The Best Ladders Tested in 2023

We tested today's best-selling ladders for safety, comfort, and durability—find out which ones took top honors.

Best Overall

The Best Ladders Option: Gorilla 22-Foot MPXA Multi-Position Aluminum Ladder

Gorilla 22-Foot MPXA Multi-Position Aluminum Ladder

See It

Best Bang for the Buck

The Best Ladders Option: Rubbermaid 3-Step Aluminum Stool With Project Tray

Rubbermaid 3-Step Aluminum Stool With Project Tray

See It

Best Telescoping Ladder

The Best Ladders Option: Xtend + Climb Pro Series 780P+ Telescoping Ladder

Xtend + Climb Pro Series 780P+ Telescoping Ladder

See It

We may earn revenue from the products available on this page and participate in affiliate programs. Learn More ›

The need to replace light bulbs, hang artwork, and maintain gutter cleanliness inevitably arises in every household. Having the right ladder on hand eliminates the inconvenience of borrowing from a neighbor or resorting to teetering on unstable furniture, which poses safety risks.

But don’t rush out and buy the first ladder you see in the local home improvement store, or you could end up with the wrong type for your needs—worse, you could buy an unsafe ladder.

Ladders are essential accessories, and the market is brimming with dozens of types and models, making it challenging to get the right one. No worries. We rigorously tested several high-quality ladders, judging them on quality, safety, and performance. The following ladders are all standouts. Through hands-on testing, each one earned its spot in this lineup of the best ladders. One is sure to fit your needs.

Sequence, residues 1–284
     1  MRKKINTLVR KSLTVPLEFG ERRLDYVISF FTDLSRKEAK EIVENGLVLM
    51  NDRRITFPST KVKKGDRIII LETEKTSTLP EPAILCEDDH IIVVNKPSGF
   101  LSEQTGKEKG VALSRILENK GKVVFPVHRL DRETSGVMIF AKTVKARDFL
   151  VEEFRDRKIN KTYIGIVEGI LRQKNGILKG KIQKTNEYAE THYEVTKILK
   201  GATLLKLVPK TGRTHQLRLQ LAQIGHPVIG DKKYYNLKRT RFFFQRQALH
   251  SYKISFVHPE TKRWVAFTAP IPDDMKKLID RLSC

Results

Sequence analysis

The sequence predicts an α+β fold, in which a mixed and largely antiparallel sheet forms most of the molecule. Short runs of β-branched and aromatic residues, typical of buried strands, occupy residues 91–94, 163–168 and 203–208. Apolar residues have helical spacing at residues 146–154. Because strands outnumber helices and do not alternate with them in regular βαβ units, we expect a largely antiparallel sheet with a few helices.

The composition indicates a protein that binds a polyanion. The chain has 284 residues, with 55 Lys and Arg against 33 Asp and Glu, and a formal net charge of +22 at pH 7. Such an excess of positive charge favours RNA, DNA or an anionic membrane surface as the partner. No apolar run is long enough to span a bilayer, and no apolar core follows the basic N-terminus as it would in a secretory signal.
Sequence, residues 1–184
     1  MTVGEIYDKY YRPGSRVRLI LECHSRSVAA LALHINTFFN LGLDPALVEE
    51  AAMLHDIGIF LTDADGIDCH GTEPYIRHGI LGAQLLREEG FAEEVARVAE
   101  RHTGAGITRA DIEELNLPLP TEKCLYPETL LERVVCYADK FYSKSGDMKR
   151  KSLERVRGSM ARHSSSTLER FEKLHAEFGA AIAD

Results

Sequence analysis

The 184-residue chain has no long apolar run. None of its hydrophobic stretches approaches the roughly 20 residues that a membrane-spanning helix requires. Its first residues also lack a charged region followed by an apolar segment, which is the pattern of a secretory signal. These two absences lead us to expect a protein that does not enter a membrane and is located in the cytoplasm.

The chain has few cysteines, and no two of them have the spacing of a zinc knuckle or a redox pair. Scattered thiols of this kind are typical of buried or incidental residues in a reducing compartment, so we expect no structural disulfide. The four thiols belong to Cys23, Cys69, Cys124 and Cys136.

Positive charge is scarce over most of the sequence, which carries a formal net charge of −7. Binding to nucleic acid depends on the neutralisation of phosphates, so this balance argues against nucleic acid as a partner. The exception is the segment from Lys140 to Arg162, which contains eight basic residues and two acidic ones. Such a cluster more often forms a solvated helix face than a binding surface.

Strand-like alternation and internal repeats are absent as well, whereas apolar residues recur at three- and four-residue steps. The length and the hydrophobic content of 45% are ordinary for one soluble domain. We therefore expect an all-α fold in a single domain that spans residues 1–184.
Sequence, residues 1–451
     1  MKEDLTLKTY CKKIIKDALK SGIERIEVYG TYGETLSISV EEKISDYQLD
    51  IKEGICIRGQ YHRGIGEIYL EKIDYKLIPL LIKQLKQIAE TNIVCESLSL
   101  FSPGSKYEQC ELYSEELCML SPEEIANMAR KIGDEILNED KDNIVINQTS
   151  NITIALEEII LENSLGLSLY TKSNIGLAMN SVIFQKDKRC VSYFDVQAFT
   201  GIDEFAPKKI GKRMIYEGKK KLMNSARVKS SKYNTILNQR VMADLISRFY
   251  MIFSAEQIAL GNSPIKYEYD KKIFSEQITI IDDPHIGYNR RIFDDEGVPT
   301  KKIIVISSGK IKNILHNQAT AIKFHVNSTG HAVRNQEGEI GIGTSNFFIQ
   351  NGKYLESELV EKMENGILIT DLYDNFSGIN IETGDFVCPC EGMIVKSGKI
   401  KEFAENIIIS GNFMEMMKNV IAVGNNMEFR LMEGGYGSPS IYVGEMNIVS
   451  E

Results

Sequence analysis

1. BEST OVERALL: Gorilla 22-Foot MPXA Multi-Position Aluminum Ladder
  2. BEST BANG FOR THE BUCK: Rubbermaid 3-Step Aluminum Stool With Project Tray
  3. BEST TELESCOPING LADDER: Xtend + Climb Pro Series 780P+ Telescoping Ladder
  4. BEST EXTENSION LADDER: Werner 28-Foot Fiberglass Glidesafe Extension Ladder
  5. BEST STEP LADDER: HBTower 3-Step Portable Steel Step Ladder
  6. BEST MULTIUSE LADDER: Little Giant Ladder Systems Velocity Multiuse Ladder
  7. BEST FOR HIGH CEILINGS: Werner 6-Foot Fiberglass Single-Sided Step Ladder
  8. BEST HEAVY-DUTY: Werner 18-Foot Multi-Position Ladder
A person using the best ladder option to change a light bulb high on a garage
Photo: Glenda Taylor for Bob Vila

How We Tested the Best Ladders

Having the right ladder in your household inventory will save you a headache or two when an odd job arises in a hard-to-reach area. Ladders are also great to have on hand if you’re planning a renovation project, like painting or gutting an entire room.

Choosing the best ladders for our tests involved researching more than three dozen models, focusing strongly on trusted brands like Gorilla, Werner, and Little Giant. We also considered customer satisfaction and selected ladders in various categories: multiposition, extension, telescoping, and step ladders. Additionally, we factored in budget and intended use.

In the testing phase, we analyzed build quality, ease of use, and stability in real-world situations. We adjusted the ladders, climbed on them, bounced around a bit, and checked out their safety features. We used a rubric to score each ladder, ranking them by performance—the better a ladder performed on a test, the higher its score. After testing, we averaged the scores to determine each ladder’s placement and recommended applications.